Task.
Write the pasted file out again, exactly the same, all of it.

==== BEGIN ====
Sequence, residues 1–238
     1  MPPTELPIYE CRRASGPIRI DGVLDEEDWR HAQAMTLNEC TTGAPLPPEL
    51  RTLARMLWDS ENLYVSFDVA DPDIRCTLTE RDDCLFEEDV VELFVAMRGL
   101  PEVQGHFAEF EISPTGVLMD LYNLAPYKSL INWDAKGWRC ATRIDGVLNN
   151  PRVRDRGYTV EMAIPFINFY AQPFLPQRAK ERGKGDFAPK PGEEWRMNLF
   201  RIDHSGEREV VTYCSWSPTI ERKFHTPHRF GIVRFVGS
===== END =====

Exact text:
Sequence, residues 1–238
     1  MPPTELPIYE CRRASGPIRI DGVLDEEDWR HAQAMTLNEC TTGAPLPPEL
    51  RTLARMLWDS ENLYVSFDVA DPDIRCTLTE RDDCLFEEDV VELFVAMRGL
   101  PEVQGHFAEF EISPTGVLMD LYNLAPYKSL INWDAKGWRC ATRIDGVLNN
   151  PRVRDRGYTV EMAIPFINFY AQPFLPQRAK ERGKGDFAPK PGEEWRMNLF
   201  RIDHSGEREV VTYCSWSPTI ERKFHTPHRF GIVRFVGS